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5 Things to Consider Before You Hire Someone

A leader is only good as the team around them. This means hiring the right person for the job. As a leader who is eager to delegate and empower the right people to do the right job, this means I must hire well. Unfortunately, I have made bad hires in the past. I strive to learn from these disappointments and move forward in my leadership. My hope is that these ill-advised decisions will be to your gain. 

Two ways to look at this post are the following:

1. As someone hiring someone else.

2. As someone looking to get hired.

My aim is that both work to your benefit. 

I want to personally thank you, Dave Kraft, for your coaching and leadership on many of these points. 

1.  Does your hire value leadership?  

Leadership often is a choice. This person must show you leadership is something they value. Can they motivate, communicate clearly, and help get someone from point A to point B in the most effective way possible? If they value being a good leader, then they would also understand what it looks like to be led. 

2. Does your hire desire to grow? 

You want to keep good people around. My fear is hiring someone that does not see the need to grow in their leadership, understanding, or discipline. When you stop learning - you stop leading. People that desire to grow are humble and eager to get better. I want my team to be full of these types of people.  

3.  Is your hire a team thinker rather than a solo thinker?

Dave Kraft has stated: "Is this person able to work in their own area and, at the same time, show interest and concern for the rest of the team and the bigger picture?  You can’t afford to have solo or turf thinking that works to the detriment of the team."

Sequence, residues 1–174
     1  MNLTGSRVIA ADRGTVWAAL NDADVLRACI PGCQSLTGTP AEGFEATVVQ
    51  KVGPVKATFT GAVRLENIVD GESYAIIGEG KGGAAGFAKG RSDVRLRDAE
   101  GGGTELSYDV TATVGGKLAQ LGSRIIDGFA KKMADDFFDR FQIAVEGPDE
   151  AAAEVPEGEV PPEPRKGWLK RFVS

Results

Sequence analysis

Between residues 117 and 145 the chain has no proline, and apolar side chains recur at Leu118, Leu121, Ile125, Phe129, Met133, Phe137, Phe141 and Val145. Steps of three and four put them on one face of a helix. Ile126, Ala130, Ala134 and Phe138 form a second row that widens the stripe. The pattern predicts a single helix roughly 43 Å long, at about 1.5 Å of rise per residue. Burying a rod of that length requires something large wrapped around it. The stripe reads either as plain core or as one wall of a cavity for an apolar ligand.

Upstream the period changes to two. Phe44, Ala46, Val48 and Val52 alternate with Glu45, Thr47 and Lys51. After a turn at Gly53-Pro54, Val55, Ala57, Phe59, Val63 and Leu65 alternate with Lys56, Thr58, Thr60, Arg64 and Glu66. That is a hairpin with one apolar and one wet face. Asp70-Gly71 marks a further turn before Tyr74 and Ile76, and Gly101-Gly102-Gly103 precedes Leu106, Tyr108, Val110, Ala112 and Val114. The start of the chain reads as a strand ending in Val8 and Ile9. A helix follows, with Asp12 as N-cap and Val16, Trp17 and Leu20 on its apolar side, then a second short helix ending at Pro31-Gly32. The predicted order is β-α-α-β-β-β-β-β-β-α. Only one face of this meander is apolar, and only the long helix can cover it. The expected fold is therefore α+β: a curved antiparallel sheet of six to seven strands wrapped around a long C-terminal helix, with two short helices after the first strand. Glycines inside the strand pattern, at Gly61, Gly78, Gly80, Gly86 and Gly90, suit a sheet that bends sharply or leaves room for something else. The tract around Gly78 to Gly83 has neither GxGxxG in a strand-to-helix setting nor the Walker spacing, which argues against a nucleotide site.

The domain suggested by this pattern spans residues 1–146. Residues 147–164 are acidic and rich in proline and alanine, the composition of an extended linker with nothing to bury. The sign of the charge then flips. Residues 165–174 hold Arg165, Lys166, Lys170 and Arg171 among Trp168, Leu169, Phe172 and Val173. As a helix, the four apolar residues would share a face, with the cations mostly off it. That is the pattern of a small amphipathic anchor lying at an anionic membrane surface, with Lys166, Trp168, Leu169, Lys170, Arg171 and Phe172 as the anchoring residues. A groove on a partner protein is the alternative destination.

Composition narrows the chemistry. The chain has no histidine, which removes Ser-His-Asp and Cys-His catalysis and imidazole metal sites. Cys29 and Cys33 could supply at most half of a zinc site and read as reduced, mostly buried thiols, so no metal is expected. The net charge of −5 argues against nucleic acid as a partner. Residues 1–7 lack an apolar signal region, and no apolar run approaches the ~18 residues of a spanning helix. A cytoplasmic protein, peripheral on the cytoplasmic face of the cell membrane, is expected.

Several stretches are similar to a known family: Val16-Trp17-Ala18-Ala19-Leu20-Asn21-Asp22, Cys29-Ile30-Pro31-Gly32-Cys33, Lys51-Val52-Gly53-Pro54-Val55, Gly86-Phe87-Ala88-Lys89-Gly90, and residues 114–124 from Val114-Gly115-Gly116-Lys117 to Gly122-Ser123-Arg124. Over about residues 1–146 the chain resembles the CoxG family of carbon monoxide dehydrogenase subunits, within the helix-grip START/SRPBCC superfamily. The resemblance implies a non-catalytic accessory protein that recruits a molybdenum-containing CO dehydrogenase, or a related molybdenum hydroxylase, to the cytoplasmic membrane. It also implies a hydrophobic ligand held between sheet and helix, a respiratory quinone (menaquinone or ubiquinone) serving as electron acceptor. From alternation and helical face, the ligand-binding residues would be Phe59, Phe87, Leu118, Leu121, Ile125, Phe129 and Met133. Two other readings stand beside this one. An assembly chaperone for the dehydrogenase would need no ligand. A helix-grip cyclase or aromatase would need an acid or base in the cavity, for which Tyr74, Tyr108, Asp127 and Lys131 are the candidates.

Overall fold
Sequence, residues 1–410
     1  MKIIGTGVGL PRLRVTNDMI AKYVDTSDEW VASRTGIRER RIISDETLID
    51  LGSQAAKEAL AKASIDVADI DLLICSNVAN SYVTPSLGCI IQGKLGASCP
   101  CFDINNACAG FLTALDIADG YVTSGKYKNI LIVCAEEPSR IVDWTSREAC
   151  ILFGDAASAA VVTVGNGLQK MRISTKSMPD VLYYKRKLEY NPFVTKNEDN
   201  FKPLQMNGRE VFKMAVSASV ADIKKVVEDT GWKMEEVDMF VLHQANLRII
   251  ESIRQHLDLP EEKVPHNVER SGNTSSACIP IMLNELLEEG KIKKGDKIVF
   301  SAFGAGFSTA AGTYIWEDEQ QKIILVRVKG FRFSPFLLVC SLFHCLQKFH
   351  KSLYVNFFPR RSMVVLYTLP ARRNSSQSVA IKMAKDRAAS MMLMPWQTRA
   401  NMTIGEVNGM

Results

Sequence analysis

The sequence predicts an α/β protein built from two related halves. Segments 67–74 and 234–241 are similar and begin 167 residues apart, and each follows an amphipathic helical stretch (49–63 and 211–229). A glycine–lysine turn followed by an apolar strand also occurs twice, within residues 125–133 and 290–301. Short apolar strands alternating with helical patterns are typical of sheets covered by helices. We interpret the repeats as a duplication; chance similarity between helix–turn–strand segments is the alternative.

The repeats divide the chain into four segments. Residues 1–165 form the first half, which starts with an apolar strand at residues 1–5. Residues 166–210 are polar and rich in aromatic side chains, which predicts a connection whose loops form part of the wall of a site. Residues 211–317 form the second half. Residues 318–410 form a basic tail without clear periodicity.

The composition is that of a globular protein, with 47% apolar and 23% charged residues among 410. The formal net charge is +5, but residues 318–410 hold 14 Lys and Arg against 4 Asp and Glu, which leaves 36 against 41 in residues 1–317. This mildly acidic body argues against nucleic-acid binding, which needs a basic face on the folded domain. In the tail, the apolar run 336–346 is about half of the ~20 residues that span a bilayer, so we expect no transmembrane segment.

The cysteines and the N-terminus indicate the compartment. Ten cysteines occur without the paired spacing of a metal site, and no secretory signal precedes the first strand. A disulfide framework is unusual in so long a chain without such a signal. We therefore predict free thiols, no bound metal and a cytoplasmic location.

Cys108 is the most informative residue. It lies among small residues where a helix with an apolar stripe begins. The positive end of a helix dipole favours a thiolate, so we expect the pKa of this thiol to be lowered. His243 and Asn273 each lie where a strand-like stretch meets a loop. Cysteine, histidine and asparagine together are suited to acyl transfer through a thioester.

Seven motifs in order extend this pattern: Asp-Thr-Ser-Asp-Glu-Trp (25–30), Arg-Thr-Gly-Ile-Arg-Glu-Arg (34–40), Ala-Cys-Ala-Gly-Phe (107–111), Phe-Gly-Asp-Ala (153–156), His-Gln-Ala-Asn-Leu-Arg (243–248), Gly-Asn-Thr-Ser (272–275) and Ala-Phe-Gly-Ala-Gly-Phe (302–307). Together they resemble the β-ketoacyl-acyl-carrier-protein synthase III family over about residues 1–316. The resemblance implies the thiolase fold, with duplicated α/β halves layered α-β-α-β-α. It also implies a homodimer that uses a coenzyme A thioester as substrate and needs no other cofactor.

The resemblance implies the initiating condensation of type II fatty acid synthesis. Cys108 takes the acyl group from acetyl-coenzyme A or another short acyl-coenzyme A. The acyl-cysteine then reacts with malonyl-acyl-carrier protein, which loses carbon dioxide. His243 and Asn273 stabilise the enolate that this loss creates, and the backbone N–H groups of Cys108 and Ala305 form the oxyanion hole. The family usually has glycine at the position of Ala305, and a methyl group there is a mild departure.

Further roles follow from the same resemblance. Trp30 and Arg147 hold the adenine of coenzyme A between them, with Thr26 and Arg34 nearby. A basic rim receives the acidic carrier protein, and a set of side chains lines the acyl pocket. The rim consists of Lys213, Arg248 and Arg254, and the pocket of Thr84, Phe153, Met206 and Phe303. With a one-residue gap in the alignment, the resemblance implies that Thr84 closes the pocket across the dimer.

4.  Does your hire understand the MISSION? 

Dave Kraft asks, "Is he/she in agreement with the purpose, values, vision and strategic direction of your organization? You need purity at the leadership level. Sports broadcaster Brent Musburger made the comment that some people on certain sports teams are not only not on the same page as the rest of the team, but are not even in the same library. That cannot and must not be true of anyone on your team. This will hurt you more than anything I can think of."

5.  Does your hire fill a position that is needed?

Who are your hiring for?  Do they fill a void on your team that needs to be filled by the right person? I have seen hires happen for the following reasons that I would caution are not advised: Hiring someone as a favor to someone else, hiring to help the person applying, hiring as a favor to yourself (they are your friend). Hire to fill a void that fulfills the mission of the team! 

6.  If your hire excited for the opportunity?

Hiring someone not excited to lead with you or lead those that are about to follow them is not ideal. In fact, this should be avoided at all costs. An excited person is motivated, eager, will show up to all meetings, sees the purpose of decisions, wants to be led, and shows care for the position. You want someone who is excited. 

My greatest desire is to have a year where I would not need to hire someone because I have retained a team working hard and on mission for those they lead. 

In Summary: Hire Slowly - Fire Quickly